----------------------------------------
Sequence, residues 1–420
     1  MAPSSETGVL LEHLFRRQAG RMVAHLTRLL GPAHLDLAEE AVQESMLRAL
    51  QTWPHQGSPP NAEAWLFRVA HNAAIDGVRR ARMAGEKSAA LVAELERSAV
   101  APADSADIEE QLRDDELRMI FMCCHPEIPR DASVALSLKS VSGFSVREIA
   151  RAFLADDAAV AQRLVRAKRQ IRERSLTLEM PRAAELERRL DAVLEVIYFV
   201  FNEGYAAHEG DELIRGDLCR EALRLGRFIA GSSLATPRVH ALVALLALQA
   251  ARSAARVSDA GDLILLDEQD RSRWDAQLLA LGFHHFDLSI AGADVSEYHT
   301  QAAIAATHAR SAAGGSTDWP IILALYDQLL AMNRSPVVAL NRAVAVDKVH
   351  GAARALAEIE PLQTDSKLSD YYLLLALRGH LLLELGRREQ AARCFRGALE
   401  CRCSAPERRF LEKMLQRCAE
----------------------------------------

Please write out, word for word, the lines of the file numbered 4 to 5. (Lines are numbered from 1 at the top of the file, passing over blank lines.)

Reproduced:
   101  APADSADIEE QLRDDELRMI FMCCHPEIPR DASVALSLKS VSGFSVREIA
   151  RAFLADDAAV AQRLVRAKRQ IRERSLTLEM PRAAELERRL DAVLEVIYFV